Could anybody give me a hand by telling what the LAMELLE myth in greek mythology is about? I have a vague idea about something that escapes the body at the moment of birth, and therefore related to a first gap or fault implied by sexuation. But I would rather like to know how the original story goes. Thanks (this is a first entry, and I don't relly know how the forum works. My email is
egarvie@copetel.com.ar

lacanian - 08/04/00 00:37:31 EDT
Do somebody know about psychoalalysts that had been analyzed themselves following the lacanian analysis, will do clinical practice in NC. I am new in this country and would like information about this particular. I will appreciate if somebody could help me.

Terry1 - 08/03/00 15:29:25 EDT
A woman's partner is solitide. A man can never give a woman what she wants. What a woman wants is truth. Women are the 'not one' a woman's life is art.

Mariano - 07/31/00 18:36:28 EDT
Terry, I guess you must be specialized on Weber works. I consider that your comments about him are very interesting.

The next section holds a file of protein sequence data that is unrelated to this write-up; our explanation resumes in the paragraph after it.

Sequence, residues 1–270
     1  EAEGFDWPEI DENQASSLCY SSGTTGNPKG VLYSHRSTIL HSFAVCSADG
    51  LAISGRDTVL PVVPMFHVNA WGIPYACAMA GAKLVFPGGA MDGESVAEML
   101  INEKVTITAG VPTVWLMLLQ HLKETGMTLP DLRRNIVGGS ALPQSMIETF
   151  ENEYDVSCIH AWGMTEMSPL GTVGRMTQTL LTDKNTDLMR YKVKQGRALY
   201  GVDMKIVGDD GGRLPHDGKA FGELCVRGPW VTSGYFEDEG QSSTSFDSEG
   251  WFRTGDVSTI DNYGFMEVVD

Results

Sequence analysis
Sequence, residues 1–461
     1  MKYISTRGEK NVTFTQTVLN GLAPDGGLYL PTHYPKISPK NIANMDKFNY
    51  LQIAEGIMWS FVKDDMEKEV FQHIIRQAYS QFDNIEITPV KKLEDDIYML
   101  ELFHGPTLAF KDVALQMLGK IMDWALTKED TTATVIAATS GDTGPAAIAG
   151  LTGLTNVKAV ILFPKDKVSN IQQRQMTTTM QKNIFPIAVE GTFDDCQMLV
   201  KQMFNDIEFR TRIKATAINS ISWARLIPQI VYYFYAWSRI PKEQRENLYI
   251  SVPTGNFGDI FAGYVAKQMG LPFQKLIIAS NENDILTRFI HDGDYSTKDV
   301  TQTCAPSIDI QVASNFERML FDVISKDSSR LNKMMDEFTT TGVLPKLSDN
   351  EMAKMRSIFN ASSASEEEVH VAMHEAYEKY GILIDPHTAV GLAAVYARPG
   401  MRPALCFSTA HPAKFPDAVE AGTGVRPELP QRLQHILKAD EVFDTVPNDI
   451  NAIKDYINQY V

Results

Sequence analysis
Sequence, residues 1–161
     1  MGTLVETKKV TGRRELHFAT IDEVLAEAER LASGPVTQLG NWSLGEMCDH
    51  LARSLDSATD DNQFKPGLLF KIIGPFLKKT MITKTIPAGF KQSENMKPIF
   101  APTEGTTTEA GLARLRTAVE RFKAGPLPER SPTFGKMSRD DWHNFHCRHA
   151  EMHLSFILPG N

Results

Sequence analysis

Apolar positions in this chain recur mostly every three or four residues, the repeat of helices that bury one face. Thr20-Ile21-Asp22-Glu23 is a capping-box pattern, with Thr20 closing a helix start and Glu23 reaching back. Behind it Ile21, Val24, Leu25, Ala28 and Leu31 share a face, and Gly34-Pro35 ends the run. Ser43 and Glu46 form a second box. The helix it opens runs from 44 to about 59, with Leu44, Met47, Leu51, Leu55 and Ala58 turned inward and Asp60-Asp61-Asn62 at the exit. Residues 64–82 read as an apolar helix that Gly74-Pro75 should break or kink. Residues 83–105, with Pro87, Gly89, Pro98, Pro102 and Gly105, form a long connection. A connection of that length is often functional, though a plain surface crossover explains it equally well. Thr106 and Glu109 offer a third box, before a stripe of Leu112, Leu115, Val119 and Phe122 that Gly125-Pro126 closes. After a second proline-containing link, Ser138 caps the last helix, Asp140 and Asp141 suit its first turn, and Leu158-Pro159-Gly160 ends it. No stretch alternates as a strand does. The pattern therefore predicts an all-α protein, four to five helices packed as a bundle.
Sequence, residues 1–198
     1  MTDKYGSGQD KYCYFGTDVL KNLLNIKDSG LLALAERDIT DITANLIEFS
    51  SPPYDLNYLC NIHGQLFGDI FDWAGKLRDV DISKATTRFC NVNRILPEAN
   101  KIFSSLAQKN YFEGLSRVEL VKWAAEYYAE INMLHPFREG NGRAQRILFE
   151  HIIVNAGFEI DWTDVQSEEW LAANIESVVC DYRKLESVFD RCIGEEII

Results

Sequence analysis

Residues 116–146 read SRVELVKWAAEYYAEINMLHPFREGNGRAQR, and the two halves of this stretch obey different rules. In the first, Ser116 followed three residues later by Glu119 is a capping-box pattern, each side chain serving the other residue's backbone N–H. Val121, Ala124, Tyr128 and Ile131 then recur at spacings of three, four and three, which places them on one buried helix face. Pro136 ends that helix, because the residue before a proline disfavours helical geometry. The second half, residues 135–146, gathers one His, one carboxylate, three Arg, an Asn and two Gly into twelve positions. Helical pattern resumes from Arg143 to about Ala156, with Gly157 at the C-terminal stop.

Terry 1 - 07/31/00 15:41:16 EDT
The problem for Weber was: 'What caused social change?' In some senses he followed Kant with the Goliath reality.....' However Weber believed that class did exist and it was : 'Where you found yourself. Class situation is market situation'. If an individual has the cultural skills that are required at any given point in history, at a given social moment, they can change their class situation.
Status and honour are engines of social movement. The pursuit of honour creates social movement and complexity. The pursuit of status also creates social movement.
For Weber the Protestant work ethic was the cause of the development of capitalism. He cites the development of Calvanism as the direct cause. In his book: 'The Protestant Ethic and the Spirit of Capitalism' he demonstrated the emerging evolution of capitalism in parts of Germany and the UK. Weber asked : Why didn't capitalism develop in older cultures such as India or China?...His answer is alluded to by The Protestant Spirit......which was developed in monastrys in England and Germany. Monks sold wool but could not spend this money. They were pledged to an ascetic life. This spirit much like the Lacanian spirit left the monastrys and circulated among the populations of England and Germany. The doctrine of predestination is importamt for understanding capitalism's development. A Calvanist ( Mrs Thatcher a recent Prime Minister in UK is a Calvanist. ) believed that all work was done for the glory of God. If a person became wealthy this was a SIGN that they were one of the ELECTED. Calvanists believed that only the elected would go to heaven. Nobody new who were the elected but if money was made it could not be spent. It was still necessary to live an ascetic life.